10/11/2015 - 17:18

Neometals get serious about downstream processing

10/11/2015 - 17:18


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Neometals get serious about downstream processing
Mt Marion site inspection

West Australian Lithium hopeful Neometals along with heavyweight partner Mineral Resources have launched a definitive feasibility study into their patented “Eli process’ to produce 20 000 tonnes of battery grade Lithium Hydroxide per year from a downstream processing plant.

Neometals and Mineral Resources jointly own the WA based Mt Marion Lithium project along with Chinese partner Jiangxi Ganfeng Lithium Co., Ltd (“Ganfeng”). The project is expected to start producing as early as next year.

Ganfeng, who are the second largest Lithium producer in China have signed a take or pay agreement for 100% of the off-take from Mt Marion for at least the first 3 years.

However Neometals and Mineral Resources have the right to claw back 51% of that Lithium production after year 3 and the current DFS will look to put that production stream to good use.

The Lithium Hydroxide plant will effectively become a second project for Neometals (in addition to the Mt Marion mine) that will operate as a stand alone downstream processing operation expected to make even more money than the mine itself.

In a previous pre-feasibility study, Neometals determined that a downstream processing plant to be built in Malaysia would have produced total revenues of over USD$3b with a pre-tax cash flow of USD$1.19b.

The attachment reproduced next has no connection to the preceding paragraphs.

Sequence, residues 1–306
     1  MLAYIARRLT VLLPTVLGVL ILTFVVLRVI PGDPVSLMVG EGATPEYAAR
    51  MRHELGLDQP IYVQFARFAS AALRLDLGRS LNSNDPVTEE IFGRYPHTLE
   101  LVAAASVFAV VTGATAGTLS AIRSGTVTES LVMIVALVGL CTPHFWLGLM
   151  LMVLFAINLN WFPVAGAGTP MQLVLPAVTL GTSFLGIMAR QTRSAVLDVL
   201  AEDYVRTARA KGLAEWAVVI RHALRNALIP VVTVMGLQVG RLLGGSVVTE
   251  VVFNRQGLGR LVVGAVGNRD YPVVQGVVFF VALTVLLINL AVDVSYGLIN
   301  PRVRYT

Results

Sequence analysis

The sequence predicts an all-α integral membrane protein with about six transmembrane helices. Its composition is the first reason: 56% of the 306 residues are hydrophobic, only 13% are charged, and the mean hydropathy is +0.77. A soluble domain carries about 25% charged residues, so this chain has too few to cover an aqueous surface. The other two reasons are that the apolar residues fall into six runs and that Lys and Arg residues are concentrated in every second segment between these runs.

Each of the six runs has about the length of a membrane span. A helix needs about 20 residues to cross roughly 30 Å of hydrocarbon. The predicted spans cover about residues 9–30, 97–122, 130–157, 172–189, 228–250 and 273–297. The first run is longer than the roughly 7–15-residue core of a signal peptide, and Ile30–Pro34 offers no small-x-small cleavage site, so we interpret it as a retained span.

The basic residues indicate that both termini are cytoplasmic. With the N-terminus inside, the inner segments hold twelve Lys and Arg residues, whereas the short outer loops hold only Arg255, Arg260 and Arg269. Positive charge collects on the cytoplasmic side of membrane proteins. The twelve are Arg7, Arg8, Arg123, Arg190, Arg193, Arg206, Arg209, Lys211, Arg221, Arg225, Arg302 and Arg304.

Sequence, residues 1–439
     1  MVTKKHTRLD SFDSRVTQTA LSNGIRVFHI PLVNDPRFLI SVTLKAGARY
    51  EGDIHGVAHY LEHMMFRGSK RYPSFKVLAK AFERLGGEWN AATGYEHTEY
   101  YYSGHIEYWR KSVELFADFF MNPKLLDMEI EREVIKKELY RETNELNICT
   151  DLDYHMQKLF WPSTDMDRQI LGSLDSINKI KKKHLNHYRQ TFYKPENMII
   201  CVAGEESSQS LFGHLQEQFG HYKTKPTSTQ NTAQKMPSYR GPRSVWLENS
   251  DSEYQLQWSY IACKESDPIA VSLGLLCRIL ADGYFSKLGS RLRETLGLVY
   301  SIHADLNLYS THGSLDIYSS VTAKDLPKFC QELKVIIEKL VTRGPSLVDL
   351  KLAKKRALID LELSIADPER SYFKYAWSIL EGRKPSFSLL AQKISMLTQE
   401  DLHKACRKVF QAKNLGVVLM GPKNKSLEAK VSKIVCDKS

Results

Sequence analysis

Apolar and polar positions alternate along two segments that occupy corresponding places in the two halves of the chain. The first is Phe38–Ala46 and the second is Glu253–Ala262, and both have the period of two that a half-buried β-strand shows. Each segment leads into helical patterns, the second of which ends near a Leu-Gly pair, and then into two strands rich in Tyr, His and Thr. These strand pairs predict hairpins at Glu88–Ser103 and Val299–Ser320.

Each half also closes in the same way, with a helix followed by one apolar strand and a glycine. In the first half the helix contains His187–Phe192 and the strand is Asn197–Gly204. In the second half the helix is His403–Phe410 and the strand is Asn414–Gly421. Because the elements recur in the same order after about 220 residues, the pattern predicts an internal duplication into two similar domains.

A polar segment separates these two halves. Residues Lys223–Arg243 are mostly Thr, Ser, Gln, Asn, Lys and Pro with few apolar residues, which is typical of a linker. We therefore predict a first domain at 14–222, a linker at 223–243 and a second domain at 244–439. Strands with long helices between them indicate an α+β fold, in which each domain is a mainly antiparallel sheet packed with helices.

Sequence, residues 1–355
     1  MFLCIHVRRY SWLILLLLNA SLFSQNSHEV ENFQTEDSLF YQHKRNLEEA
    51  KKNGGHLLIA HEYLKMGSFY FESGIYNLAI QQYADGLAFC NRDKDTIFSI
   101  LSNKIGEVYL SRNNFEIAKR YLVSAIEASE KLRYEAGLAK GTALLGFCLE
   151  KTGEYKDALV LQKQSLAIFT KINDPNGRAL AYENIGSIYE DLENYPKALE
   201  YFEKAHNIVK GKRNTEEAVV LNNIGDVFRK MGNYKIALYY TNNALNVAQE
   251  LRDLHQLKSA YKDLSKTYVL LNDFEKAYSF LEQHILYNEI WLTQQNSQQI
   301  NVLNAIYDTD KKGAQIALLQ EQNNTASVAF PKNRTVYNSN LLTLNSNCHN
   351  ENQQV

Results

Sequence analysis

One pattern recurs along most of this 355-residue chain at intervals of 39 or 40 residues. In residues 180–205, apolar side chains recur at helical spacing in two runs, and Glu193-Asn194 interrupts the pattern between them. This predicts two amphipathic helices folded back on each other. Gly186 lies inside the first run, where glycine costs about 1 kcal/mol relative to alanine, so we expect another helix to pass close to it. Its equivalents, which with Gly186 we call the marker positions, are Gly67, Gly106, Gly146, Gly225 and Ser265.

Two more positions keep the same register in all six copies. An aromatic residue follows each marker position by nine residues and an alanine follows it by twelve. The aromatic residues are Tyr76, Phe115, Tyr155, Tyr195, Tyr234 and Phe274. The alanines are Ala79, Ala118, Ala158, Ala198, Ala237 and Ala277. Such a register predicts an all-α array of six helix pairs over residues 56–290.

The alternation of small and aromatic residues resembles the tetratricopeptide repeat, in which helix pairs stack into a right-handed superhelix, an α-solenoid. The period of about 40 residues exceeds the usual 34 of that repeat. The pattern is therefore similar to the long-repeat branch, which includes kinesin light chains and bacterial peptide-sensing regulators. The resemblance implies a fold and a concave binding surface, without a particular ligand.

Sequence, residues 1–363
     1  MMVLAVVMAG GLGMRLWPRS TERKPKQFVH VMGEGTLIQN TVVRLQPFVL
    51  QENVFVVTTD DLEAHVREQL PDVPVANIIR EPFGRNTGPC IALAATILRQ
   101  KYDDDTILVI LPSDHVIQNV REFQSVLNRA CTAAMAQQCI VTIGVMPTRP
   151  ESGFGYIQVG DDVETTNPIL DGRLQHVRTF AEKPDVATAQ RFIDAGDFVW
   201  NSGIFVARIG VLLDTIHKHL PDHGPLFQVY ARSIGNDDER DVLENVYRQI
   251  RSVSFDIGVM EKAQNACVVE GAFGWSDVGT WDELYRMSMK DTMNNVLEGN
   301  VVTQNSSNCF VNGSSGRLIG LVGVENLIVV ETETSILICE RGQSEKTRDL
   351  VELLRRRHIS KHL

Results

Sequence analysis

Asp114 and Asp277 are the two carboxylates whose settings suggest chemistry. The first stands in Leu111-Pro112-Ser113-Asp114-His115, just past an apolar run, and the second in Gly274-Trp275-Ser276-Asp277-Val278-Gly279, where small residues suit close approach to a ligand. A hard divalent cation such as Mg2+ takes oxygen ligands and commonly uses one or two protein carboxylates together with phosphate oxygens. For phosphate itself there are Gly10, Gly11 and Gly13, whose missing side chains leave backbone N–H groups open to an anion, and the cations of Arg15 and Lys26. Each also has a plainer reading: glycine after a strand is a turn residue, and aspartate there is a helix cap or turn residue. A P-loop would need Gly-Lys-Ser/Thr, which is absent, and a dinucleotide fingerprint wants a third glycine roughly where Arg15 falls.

It was expected to cost $83m which would be paid down after just 2 years showing a significant IRR of 94%.

All downstream Lithium processing technology and patents associated with the “Eli process” are beneficially owned by Neometals and Mineral Resources on a 70% / 30% basis respectively. 

The company points to recent developments in the Lithium market that have seen some of the worlds leading Lithium producers increase their prices by up to 15% as a sign that the supply side of the Lithium market is tightening.

Market growth in the Lithium sector has been pushed along by an ever increasing interest in the renewable energy storage and electric vehicle sectors which rely heavily on Lithium.

Battery grade Lithium in China is selling for up to USD$11 000 per tonne and with a current resource of 23.24m tonnes grading 1.39% Lithium with iron oxide credits, the future looks bright for Neometals


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